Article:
The US two dollar bill is still being produced today. It’s apparent rarity is in part due to the common misconception that it is no longer being produced, causing people to collect them, thus pulling them out of circulation.
A “sugar high,” or hyperactivity in children as a result of sugar consumption, is a myth.
Sitting close to the TV will not damage your eyesight. The myth spread after it was discovered that tv’s made prior to 1967 emitted excessive radiation.
When trains were introduced in the U.S, many people believed that that “women’s bodies were not designed to go at 50 miles an hour,” and that their “uteruses would fly out of [their] bodies if they were accelerated to that speed.”
The “fact” that you eat 8 spiders a year was a social experiment to show how fast false information spreads on the internet.
Pirates rarely plundered gold, silver, and jewels. Their most common plunder was trade goods such as bolts of cloth, tanned animal skins, spices, sugar, dyes, cocoa, tobacco, cotton, and wood. That’s because most ships didn’t sail around with gold, silver, and jewels. Those things were on land, and paid for the bolts of cloth, tanned animal skins, spices, sugar, dyes, cocoa, tobacco, cotton, and wood that the sailors brought them. The military ships that occasionally did haul treasure were heavily guarded.
George Washington did not, in fact, have wooden teeth.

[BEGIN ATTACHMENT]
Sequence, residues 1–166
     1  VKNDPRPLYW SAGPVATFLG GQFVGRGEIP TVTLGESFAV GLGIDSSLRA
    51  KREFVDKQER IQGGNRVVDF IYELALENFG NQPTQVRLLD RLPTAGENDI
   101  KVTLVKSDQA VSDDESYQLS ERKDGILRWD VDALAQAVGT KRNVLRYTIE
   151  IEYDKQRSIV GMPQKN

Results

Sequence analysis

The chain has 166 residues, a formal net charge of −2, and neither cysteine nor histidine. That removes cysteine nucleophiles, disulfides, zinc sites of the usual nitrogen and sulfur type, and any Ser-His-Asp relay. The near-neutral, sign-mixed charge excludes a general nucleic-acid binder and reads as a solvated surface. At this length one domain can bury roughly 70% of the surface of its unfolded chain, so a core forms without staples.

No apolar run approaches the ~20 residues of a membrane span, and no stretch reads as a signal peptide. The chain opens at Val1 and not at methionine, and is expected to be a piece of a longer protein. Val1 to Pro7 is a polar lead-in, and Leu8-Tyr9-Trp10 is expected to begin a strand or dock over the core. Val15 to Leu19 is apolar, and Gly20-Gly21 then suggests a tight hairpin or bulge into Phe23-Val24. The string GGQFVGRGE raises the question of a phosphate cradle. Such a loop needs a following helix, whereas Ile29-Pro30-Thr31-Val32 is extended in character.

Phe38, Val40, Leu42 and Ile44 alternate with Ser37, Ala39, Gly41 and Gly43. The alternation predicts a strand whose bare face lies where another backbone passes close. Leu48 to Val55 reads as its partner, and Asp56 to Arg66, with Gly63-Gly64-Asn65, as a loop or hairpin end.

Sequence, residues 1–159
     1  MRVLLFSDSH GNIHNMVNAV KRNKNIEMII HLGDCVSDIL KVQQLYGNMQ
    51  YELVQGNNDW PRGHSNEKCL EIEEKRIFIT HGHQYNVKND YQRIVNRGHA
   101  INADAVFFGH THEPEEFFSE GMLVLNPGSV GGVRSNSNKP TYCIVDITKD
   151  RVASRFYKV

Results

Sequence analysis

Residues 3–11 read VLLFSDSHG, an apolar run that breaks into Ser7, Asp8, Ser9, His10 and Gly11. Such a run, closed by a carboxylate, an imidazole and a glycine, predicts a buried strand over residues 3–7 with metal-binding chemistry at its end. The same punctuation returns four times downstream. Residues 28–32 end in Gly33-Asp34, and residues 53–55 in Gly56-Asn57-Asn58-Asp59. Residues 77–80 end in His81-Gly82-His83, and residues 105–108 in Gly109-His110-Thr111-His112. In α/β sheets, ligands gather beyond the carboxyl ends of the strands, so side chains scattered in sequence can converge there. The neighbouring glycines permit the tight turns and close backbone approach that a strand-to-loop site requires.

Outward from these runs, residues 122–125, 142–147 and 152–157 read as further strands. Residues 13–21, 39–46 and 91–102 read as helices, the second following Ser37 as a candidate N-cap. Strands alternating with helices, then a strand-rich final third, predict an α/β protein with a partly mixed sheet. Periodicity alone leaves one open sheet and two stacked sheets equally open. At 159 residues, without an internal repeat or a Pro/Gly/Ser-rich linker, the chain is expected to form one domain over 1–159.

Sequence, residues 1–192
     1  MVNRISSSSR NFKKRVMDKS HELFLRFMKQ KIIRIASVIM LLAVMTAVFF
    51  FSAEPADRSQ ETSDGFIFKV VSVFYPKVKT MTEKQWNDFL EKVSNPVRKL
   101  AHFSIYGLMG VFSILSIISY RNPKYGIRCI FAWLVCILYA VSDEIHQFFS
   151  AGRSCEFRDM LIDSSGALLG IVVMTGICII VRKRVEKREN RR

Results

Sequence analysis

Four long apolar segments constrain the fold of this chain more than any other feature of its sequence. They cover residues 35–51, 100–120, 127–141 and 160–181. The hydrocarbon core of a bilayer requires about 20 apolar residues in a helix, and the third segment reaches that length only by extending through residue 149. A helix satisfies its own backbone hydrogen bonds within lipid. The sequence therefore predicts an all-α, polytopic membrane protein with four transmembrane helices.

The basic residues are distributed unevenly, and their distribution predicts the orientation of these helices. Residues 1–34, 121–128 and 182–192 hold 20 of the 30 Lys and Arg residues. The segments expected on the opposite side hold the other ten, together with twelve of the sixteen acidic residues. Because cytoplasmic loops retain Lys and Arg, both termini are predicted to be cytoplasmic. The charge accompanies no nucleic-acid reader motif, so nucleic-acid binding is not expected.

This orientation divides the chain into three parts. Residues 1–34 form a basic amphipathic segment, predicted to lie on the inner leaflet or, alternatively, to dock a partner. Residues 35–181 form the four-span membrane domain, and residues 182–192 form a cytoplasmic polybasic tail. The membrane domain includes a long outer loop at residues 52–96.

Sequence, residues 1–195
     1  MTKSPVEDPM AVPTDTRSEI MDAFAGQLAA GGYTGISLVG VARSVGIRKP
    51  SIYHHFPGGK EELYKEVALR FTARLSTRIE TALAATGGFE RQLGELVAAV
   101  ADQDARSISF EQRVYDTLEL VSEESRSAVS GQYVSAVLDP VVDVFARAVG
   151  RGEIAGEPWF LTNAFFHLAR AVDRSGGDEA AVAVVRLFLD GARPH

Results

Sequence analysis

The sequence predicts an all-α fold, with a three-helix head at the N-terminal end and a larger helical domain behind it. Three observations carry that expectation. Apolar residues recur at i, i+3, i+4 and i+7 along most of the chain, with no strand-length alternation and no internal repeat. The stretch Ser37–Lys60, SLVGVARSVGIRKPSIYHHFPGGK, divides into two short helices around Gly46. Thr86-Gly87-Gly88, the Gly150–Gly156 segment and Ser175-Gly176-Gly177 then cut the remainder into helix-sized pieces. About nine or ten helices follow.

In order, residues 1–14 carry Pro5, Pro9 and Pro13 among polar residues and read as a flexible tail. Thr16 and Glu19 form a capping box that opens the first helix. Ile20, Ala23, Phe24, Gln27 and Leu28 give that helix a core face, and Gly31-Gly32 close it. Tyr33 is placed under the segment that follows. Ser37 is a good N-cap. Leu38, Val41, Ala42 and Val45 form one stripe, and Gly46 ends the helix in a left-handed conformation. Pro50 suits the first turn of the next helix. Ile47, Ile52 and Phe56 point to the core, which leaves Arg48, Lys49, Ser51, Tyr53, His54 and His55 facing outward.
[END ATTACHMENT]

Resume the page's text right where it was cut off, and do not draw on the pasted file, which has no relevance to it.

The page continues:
Fish do not have a 3 second memory – They can be taught to evade a trap and will remember how to do so a year later.
You cannot actually buy the name of a star. The International Astronomical Union is the only authority for naming celestial bodies. No countries, authorities, or scientists in the world will recognize a purchased star name.
Despite popular belief, El Dorado was not a legendary city of gold in South America, but a person. El Dorado was a tribal chief of the indigenous Muisca people, and the initiation rites to becoming chief included offering immense amounts of gold to their gods by throwing it into a holy lake, Lake Guatavita. The Conquistadores eventually found the lake and reclaimed the gold, meaning that every expedition which has set out to find the city of gold afterwards has been in vain, because the mythical riches of El Dorado have actually already been found.